Biodegradable Trash Bags: Give Your Trash a Fighting Chance

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Source: anphatbioplastics

Today I want to shine some light on trash bags and what they are doing to our environment. The problem is that most people don’t think about what happens to their trash once it’s left their house.

And I understand why; the thing is it’s more important than ever to start thinking about it. We are about to reach a point of irreversible damage if we don’t.

Below I’m going to explain why it’s not just your trash that needs to be biodegradable… it’s the bags you use too!

The Problems With Trash Bags

Source: youtube

When it comes down to it, there is one major problem with trash bags: they don’t biodegrade at all. And this fact is causing a massive problem for our waste system.

Let me explain:

In America alone, we generate over 250 million tons of trash each year, which is more than anywhere else in the world. Out of that, nearly 3.5 million tons is plastic waste, which will never biodegrade.

What makes it worse is the bags we use to hold our trash also get made with plastic. And this is a problem, even if the only waste inside the trash bag is biodegradable.

For anything to biodegrade, you need three things:

  1. Sunlight
  2. Moisture
  3. Oxygen

Without these three things, it’s unlikely that your trash will ever biodegrade. As you can imagine, anything inside these plastic trash bags will not receive the conditions it needs to break down.

This is only made worse when they get sent to a landfill site. The problem is when the trash bags get piled on top of each other. It locks the trash bags away from everything that gives them a fighting chance of breaking down.

There’s one more problem with traditional trash bags I want to bring up.

Plastic trash bags contain a lot of harmful chemicals inside, and over time these chemicals can start leaching into the soil over extended periods.

And it only gets worse when it rains; the rain helps wash all the harmful chemicals into our water sources.

So, what can we do to make the situation better?

Our best option is to start using biodegradable/compostable trash bags, which you can find out a bit more here.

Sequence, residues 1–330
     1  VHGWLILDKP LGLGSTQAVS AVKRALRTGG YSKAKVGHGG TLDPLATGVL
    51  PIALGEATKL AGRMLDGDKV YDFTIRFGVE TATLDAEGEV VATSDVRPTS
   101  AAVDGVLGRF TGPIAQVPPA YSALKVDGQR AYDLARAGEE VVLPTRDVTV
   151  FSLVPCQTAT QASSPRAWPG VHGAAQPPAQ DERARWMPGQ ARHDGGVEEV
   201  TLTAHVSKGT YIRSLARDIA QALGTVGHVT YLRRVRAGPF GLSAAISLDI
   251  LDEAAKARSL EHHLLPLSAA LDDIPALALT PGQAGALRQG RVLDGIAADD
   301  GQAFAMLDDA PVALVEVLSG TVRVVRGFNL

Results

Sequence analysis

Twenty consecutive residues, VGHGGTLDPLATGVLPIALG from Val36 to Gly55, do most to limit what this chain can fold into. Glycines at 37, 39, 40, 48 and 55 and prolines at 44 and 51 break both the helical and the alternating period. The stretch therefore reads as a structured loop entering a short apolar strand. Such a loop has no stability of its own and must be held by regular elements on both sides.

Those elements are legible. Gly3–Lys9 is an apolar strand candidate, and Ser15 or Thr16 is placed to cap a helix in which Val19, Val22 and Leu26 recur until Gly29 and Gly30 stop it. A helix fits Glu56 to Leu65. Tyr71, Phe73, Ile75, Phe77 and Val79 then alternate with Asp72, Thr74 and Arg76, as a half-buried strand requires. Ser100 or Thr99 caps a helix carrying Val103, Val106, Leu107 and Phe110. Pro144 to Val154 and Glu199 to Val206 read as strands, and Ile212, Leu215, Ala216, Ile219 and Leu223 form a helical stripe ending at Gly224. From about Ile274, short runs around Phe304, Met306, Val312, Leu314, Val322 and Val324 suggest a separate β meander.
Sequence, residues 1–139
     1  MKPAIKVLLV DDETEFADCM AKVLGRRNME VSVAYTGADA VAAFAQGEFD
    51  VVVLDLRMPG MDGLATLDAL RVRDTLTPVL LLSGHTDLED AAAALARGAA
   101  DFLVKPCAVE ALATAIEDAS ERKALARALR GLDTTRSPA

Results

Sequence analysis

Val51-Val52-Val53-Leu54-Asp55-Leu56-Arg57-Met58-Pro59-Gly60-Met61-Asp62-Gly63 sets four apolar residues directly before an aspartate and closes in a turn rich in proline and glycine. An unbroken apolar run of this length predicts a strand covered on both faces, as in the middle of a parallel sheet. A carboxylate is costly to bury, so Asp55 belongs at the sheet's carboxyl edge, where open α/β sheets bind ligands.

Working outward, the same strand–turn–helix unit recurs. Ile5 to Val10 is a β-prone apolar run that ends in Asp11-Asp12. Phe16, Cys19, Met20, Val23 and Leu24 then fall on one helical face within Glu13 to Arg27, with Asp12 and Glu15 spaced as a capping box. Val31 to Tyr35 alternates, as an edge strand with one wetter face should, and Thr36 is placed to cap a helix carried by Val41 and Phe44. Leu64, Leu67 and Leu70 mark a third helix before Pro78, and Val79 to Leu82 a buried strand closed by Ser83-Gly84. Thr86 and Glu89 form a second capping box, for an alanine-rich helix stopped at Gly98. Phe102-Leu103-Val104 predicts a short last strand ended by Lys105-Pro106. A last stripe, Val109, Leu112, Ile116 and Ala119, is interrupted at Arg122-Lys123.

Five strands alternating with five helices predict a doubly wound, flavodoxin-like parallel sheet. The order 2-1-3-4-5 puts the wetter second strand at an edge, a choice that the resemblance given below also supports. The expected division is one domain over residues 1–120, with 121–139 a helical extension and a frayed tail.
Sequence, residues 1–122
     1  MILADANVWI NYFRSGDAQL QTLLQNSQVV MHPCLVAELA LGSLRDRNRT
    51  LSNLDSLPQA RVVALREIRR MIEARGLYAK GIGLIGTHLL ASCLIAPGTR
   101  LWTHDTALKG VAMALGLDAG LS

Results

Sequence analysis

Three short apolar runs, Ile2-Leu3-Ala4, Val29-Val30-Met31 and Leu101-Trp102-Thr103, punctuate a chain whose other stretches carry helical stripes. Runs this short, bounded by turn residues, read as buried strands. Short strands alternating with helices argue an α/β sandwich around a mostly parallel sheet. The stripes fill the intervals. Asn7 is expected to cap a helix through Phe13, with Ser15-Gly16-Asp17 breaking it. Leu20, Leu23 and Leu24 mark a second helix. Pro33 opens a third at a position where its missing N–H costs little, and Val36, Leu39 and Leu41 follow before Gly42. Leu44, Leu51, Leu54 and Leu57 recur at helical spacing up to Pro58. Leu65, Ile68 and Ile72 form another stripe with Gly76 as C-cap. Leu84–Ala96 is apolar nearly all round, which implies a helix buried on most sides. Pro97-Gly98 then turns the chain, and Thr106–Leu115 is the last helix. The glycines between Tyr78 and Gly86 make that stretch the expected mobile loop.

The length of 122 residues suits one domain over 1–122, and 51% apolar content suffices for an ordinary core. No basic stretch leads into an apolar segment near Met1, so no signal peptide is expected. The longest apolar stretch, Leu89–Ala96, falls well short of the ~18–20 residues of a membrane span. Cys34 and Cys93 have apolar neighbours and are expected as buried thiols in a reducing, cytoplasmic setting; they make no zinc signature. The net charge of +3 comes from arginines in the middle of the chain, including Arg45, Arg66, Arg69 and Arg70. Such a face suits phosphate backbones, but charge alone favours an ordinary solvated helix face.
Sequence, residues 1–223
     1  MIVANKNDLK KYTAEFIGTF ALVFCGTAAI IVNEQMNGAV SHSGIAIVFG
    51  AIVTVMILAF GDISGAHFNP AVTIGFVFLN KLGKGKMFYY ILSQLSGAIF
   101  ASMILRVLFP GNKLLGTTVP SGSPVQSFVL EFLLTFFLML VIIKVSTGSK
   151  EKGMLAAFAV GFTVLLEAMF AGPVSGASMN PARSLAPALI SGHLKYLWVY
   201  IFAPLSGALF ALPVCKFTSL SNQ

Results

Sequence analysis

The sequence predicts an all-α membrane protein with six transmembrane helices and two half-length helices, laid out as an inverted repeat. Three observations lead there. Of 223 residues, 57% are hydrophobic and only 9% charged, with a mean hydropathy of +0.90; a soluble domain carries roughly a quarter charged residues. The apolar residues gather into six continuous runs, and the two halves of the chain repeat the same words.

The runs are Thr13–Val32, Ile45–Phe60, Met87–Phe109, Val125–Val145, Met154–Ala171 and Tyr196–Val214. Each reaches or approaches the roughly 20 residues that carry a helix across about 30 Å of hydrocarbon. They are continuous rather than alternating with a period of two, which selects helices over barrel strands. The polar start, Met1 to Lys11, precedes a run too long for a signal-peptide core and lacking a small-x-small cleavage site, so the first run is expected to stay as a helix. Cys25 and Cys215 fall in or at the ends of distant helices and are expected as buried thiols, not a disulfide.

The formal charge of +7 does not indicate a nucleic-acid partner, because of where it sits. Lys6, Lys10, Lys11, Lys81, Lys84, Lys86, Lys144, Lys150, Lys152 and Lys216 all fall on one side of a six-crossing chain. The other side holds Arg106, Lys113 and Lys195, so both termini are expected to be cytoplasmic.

What Properties Must An Eco-Friendly Trash Bag Have?

Source: stockpkg

For a trash bag to get classed as eco-friendly, it needs to hold up to a few standards. The first of which is that it needs to be compostable or, at the very least biodegradable.

Compostable

The best is compostable bags; biodegradable bags aren’t always as eco-friendly as you think. Some biodegradable bags use petrochemicals to make the bags; This makes them no better than traditional plastic bags.

Compostable trash bags get made with plant-based products, cornstarch and potato starch, which means no harmful toxins get used.

Source: toastfried

Chemical Free

BPA is found in most plastic products, which, as you can imagine, isn’t doing the environment any good. But what people might not know is what it’s doing to our bodies.

BPA has been proven to cause the following health problems:

  • Cancer
  • Infertility
  • Congenital disabilities
  • Heart disease

By choosing a compostable bag, you ensure there is no BPA inside. If you want to ensure your bag is eco-friendly, you need to make sure the bags contain no harmful chemicals.

ASTM Rating

The only way to know if your trash bags are compostable is by looking for an ASTM D6400 rating. ASTM is an American standards organization that judges the quality of the product.

Recommended Trash Bags & Why

Source: greenily

If you’re looking for biodegradable trash bags, but you’re not sure where to start, there’s no need to worry. I’ve done the research, so you don’t have to. There seems to three brands that outperform the rest:

UNNI ASTM D6400

Source: dissectiontable

They provide a great selection of sizes for you to choose from, which means you can find ones to fit any size of the dustbin.

The packs start with a count of 50 and go up to 200 bags per box. They have a great thickness, so you don’t have to worry about the bag splitting if it’s too heavy.

But most importantly, they guarantee to be compostable with their ASTM D6400 rating. This is because the bags get made with plant starches.

Inwaysin 13 Gallon

Source: recycling

These bags will fit a 13-15 gallon dustbin (24.8 inches x 31.5 inches), which is excellent for your kitchen. They use plant starch to produce the bags, which is fully compostable.

This trash bag is one of the thickest compostable bags on the market at just over 1.18 mm; this makes the trash bags incredibly durable compared to other brands.

Each roll comes with 75 biodegradable bin bags, so you don’t have to worry about running out too quickly. The bags are also odorless, so it doesn’t harm humans or the environment.

Primode 13 Gallon

Source: amazon

Their compostable bags fit in tall bins due to their large size of 23.8 inches x 29.4 inches), this makes it great for use in the kitchen.

You get 50 trash bags in the pack, each one is just under 1 mm thick. This makes them thinner than the previous brands, but thankfully they are just as strong.

The company uses a blend of corn and vegetable plastics to ensure it composts in a reasonable amount of time.

Rounding Up

If we want to stop the trash problem reaching a point of no return, then it’s time to start thinking about what we’re doing with our trash.

As a nation, we generate more trash than anywhere else in the world, which needs to stop. By thinking about what we chuck away and how we get rid of it, we can improve our landfills.

An excellent place for us to start is by using biodegradable trash bags, at least it gives biodegradable waste a chance of decomposing. Remember, It’s not just the trash that needs to be biodegradable… it’s the bags too!

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